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Intensive Care Medicine

, Volume 35, Issue 6, pp 1138–1139 | Cite as

New evidence for Ötzi’s final trauma

  • Andreas G. Nerlich
  • Oliver Peschel
  • Eduard Egarter-Vigl
Correspondence
Sir: Recently, we have shown that the Similaun Iceman, called “Ötzi”, suffered from a deep wound to his right hand [ 1]. Histology and histochemistry clearly indicated that the laceration must have been survived for at least several days. A parallel CAT scan study by Pertner and co-workers [ 2] further identified an arrow head in the left axilla that might have caused death due to laceration of the brachial artery and acute bleeding. Concomitantly, a small skin wound was detected on the Iceman’s back which was identified as the entry point of the arrow (Fig.  1a). In consequence, chronologically independent injuries have been claimed. However, the events (and their eventual time courses) leading to the Iceman’s death remain unclear. Our present report describes morphological evidence that Ötzi′s arrow wound—and a small suffusion lesion on the Iceman’s back—represent fresh presumably vital bleeding and were not survived for a significant time period. Besides these two injuries two further...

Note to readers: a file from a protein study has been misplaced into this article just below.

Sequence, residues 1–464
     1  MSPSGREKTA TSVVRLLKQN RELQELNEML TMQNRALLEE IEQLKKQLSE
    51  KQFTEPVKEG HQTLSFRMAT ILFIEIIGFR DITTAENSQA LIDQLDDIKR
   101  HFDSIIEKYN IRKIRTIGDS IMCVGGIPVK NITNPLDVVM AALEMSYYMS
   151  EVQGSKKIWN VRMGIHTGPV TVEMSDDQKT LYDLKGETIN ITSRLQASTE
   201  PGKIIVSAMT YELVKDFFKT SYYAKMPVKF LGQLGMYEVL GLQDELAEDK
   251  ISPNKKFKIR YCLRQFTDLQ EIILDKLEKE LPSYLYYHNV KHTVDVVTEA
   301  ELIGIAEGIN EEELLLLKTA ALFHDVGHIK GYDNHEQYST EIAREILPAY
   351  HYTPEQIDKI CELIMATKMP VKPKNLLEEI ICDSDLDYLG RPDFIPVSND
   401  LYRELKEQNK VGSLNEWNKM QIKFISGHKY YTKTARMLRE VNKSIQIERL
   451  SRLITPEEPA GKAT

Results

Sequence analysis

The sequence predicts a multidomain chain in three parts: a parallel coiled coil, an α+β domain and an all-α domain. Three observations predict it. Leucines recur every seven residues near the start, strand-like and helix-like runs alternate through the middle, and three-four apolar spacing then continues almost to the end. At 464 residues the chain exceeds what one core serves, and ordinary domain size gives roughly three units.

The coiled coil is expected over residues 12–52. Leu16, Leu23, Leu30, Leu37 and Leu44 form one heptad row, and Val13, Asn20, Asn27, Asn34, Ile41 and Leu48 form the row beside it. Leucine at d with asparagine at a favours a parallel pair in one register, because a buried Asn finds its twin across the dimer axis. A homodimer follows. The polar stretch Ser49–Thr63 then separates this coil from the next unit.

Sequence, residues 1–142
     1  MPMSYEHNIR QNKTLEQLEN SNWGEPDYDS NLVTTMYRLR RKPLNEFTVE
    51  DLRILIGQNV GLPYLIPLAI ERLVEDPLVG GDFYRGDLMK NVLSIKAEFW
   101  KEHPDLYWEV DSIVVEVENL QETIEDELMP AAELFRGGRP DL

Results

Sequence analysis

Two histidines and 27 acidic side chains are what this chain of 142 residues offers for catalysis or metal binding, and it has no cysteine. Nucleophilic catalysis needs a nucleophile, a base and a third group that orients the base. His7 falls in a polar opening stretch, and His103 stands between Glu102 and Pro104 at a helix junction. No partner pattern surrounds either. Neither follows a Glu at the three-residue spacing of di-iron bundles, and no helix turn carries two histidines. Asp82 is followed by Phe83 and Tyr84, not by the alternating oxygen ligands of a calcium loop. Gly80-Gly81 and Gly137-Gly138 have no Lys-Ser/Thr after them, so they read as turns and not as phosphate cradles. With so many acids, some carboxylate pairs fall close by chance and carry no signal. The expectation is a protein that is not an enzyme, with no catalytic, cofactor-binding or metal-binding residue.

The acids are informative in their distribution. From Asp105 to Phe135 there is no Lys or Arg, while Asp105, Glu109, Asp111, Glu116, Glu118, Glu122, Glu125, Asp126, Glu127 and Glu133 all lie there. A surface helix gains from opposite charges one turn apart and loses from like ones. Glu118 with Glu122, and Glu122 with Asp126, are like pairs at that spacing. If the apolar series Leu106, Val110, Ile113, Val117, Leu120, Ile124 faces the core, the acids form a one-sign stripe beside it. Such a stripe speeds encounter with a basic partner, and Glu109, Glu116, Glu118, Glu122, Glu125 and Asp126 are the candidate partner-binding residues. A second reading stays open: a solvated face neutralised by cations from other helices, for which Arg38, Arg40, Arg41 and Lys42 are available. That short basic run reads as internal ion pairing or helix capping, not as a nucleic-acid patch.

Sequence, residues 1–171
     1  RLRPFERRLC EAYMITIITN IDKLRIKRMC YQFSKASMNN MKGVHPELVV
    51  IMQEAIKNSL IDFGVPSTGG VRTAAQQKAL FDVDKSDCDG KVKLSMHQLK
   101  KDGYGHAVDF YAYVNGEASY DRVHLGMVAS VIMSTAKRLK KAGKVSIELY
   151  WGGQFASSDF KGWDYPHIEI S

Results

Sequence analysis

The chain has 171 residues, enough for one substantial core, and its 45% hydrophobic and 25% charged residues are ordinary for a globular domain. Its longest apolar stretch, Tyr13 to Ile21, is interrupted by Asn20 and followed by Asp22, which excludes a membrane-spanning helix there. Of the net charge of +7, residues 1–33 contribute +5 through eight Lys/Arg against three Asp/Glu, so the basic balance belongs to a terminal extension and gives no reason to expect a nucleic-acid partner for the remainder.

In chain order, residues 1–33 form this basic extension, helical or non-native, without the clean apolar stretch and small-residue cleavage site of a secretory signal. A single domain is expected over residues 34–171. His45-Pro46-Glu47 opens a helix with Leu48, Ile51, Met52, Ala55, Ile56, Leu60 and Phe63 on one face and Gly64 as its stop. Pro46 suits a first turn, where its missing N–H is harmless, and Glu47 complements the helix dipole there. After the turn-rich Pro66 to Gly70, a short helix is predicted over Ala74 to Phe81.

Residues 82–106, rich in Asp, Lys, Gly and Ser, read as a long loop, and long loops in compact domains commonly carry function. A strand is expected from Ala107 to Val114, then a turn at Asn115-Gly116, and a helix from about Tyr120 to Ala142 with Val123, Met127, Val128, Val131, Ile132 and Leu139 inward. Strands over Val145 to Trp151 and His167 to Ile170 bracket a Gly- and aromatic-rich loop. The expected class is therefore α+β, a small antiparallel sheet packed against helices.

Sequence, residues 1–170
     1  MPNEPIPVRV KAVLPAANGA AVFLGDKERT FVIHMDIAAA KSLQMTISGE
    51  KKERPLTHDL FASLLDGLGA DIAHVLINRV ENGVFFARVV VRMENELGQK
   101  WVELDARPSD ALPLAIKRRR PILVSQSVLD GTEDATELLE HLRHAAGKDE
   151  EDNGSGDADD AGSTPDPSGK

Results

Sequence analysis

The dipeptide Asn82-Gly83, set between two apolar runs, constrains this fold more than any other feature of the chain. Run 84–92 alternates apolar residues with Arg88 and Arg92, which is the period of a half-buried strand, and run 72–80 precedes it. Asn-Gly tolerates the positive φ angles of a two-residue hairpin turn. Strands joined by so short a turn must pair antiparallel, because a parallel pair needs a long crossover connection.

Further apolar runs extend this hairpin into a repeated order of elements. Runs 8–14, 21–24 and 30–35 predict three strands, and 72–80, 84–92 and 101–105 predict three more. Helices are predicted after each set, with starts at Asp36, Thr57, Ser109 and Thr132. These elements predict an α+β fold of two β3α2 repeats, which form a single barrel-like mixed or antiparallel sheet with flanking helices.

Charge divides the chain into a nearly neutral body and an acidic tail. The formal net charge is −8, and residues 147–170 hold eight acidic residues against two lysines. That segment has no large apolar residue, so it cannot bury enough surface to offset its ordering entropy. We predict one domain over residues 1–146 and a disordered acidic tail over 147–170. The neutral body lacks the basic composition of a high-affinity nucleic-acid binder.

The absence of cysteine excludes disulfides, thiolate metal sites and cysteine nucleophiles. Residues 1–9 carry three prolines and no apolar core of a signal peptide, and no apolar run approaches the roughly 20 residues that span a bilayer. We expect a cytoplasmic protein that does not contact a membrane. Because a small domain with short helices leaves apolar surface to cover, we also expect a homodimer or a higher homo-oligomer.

Keywords

Hand Wound Haemosiderin Dark Brown Spot Significant Time Period Force Object 
These keywords were added by machine and not by the authors. This process is experimental and the keywords may be updated as the learning algorithm improves.

Notes

Acknowledgments

The authors are indebted to Dr. Albert Zink (Bolzano) for help with the procurement of the material and Mrs. Christine Reischl (Munich) for technical assistance.

References

  1. 1.
    Nerlich A, Bachmeier B, Zink A, Thalhammer S, Egarter-Vigl E (2003) Ötzi had a wound on his right hand. Lancet 362:334PubMedCrossRefGoogle Scholar
  2. 2.
    Pertner A, Gostner P, Egarter-Vigl E, Rühli FJ (2007) Radiologic proof of the iceman‘s cause of death (ca. 5, 300 BP). J Archeol Sci 34:1784–1786CrossRefGoogle Scholar
  3. 3.
    Nerlich AG, Parsche F, Kirsch T, Wiest I, von der Mark K (1993) Immunohistochemical detection of interstitial collagens in bone and cartilage tissue remnants in an infant Peruvian mummy. Am J Phys Anthropol 91:279–285PubMedCrossRefGoogle Scholar
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    Hess MW, Klima G, Pfaller K, Künzel KH, Gaber O (1998) Histological investigations on the Tyrolean Iceman. Am J Phys Anthropol 106:521–532PubMedCrossRefGoogle Scholar

Copyright information

© Springer-Verlag 2009

Authors and Affiliations

  • Andreas G. Nerlich
    • 1
    • 4
  • Oliver Peschel
    • 2
  • Eduard Egarter-Vigl
    • 3
  1. 1.Institute of PathologyAcademic Hospital Munich-BogenhausenMunichGermany
  2. 2.Institute of Forensic MedicineLudwig-Maximilians-University MunichMunichGermany
  3. 3.Institute of PathologyProvince Hospital BozenBolzanoItaly
  4. 4.Institut für PathologieKlinikum München-BogenhausenMunichGermany

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